Asbestos-related illness has been a problem for decades in the United States, though with strong restrictions on use of the substance, many expected the related illnesses to disappear over time. According to CNN, researchers at the U.S. Centers for Disease Control and Prevention (CDC) expressed surprise at a recent study that shows young people continue to experience illnesses regardless of the effort to reduce exposure to the toxic substance. The CDC released a report attributing about 2,500 deaths to malignant mesothelioma in 2015. This number has increased by roughly one hundred since 1999, primary affecting those over 85 years of age, but with increases to the numbers of young people affected as well.
Asbestos was widely used before its adverse health effects were known, due to its flame-resistant properties and low cost of production. Extensive studies have found a link between exposure to asbestos, which can break up into tiny particles and be inhaled into the lungs, and an increased risk of gastrointestinal and colon cancer. Asbestos has also been shown to increase the risk of esophagus, throat, gallbladder, and kidney cancers. Mesothelioma is caused when the fibers build up in tissue linings in the heart and lungs. Special equipment and extra training in addition to medical monitoring can help prevent the disease before it has a chance to affect anyone.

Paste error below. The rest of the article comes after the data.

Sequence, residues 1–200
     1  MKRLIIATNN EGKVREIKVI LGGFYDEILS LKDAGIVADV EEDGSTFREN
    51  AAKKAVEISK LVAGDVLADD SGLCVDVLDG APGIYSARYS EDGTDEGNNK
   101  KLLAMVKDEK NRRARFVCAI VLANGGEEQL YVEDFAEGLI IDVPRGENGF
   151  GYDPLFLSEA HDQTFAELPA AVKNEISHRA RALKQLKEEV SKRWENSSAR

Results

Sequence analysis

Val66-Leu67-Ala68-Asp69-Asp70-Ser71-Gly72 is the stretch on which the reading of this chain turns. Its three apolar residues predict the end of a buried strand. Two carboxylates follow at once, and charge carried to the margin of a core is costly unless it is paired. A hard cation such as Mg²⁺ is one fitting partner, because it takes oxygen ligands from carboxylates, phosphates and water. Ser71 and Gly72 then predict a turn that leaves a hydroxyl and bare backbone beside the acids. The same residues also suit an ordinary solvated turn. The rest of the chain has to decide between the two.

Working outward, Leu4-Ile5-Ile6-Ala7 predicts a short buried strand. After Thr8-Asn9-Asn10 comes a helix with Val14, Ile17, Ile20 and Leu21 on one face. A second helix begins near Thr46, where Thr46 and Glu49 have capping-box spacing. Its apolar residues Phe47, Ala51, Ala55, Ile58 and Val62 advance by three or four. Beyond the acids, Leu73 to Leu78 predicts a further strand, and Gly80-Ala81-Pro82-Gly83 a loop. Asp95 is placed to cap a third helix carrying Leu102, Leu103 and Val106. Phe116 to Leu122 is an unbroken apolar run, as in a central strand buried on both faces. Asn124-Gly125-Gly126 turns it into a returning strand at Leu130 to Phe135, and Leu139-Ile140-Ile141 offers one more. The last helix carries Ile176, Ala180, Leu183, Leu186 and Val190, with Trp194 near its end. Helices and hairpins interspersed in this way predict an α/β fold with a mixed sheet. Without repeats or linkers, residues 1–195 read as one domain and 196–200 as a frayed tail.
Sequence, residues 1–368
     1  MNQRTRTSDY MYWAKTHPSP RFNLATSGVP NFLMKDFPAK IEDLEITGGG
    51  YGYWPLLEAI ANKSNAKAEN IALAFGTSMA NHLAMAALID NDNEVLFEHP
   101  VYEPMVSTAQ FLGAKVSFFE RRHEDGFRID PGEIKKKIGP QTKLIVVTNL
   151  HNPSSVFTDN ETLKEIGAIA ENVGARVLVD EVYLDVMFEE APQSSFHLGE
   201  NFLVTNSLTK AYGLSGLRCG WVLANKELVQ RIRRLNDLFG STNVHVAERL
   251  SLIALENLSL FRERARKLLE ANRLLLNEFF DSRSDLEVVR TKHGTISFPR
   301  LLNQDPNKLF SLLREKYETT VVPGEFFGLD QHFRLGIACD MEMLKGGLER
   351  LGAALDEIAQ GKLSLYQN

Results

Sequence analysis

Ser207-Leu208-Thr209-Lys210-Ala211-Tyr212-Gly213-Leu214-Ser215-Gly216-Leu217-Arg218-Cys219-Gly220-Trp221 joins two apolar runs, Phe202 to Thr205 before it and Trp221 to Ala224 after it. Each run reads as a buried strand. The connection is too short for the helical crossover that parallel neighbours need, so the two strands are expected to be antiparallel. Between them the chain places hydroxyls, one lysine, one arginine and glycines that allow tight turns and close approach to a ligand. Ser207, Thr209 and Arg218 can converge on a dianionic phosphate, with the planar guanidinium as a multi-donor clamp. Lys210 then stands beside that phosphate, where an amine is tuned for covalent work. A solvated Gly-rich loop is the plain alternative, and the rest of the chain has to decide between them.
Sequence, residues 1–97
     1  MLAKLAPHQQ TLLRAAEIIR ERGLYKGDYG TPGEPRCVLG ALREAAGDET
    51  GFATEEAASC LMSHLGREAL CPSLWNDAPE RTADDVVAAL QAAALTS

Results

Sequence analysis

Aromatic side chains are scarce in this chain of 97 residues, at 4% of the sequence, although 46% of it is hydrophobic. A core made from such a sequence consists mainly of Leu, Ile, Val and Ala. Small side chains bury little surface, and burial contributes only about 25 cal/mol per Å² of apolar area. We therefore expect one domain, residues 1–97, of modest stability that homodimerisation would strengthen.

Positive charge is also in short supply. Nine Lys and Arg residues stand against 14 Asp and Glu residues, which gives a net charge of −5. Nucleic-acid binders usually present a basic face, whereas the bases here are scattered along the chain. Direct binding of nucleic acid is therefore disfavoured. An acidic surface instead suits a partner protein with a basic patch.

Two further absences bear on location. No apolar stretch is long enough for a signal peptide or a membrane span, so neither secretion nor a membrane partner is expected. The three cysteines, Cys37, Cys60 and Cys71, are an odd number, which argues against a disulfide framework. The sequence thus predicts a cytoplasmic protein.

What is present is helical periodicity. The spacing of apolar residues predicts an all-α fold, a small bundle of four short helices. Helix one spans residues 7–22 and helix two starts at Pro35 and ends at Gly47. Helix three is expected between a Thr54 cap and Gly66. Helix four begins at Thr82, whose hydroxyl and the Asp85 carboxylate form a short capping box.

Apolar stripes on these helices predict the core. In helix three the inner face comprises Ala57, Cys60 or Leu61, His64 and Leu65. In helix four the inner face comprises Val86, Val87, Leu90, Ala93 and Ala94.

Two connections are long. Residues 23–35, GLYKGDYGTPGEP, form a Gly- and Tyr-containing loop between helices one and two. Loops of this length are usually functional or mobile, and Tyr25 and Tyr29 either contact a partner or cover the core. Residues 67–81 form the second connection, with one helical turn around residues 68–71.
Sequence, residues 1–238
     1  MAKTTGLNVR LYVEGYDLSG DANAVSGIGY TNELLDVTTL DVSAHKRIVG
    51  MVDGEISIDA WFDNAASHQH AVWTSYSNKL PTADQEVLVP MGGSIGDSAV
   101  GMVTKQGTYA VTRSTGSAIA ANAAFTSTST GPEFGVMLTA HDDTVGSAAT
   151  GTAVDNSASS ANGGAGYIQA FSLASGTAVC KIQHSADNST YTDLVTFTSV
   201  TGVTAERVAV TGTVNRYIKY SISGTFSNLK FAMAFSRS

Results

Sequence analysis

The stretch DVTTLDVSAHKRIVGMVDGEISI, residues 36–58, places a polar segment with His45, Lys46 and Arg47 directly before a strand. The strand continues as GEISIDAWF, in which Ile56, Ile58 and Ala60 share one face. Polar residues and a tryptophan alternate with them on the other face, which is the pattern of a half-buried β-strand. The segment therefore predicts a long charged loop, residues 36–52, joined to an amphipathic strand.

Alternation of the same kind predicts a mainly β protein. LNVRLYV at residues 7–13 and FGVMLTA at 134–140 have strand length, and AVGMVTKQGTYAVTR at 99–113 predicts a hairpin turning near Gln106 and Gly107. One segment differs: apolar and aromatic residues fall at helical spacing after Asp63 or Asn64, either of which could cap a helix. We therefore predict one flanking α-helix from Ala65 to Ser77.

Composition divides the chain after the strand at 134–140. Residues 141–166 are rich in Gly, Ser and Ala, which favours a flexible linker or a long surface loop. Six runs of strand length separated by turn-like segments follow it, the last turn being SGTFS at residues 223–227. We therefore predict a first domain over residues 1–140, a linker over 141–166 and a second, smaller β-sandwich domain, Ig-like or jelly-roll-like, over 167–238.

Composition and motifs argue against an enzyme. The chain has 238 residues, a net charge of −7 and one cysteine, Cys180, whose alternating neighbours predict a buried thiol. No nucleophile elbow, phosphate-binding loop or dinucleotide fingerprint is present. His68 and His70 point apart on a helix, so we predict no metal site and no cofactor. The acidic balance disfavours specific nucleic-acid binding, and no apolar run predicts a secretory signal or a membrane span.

After having been banned for almost four decades, asbestos is still shown to affect young people. Recent studies conducted by the CDC have attempted to determine where people are being exposed to the substance. A representative of the CDC stated that the problem with asbestos is that determining where one could be exposed is still difficult, and this has led to the continuation of asbestos-related diseases. Health officials advise anyone working in an area that may be affected by asbestos to take the proper precautions and use protective gear.
One of the difficulties mesothelioma poses is that the disease is so rare, which makes screening for it difficult. In addition to its rarity, mesothelioma has an incubation period of 20 – 50 years between exposure and developing the illness. Genetic predisposition can also increase risk of developing an illness at a lower level of exposure. Anyone with a family member who developed mesothelioma should consider getting screened, as well as anyone who has lived in an area where people are known to have been exposed. However, even detecting the disease early may not provide much help, and the best way to deal with the illness is to avoid it in the first place.
If you or a loved one has been diagnosed with mesothelioma or other asbestos-related disease, it is important to have qualified representation in order to secure compensation. Our team of Philadelphia asbestos lawyers at Brookman, Rosenberg, Brown & Sandler are dedicated to providing individualized representation for clients throughout the Philadelphia area. Call 800-369-0899 or contact us online today to arrange a free consultation.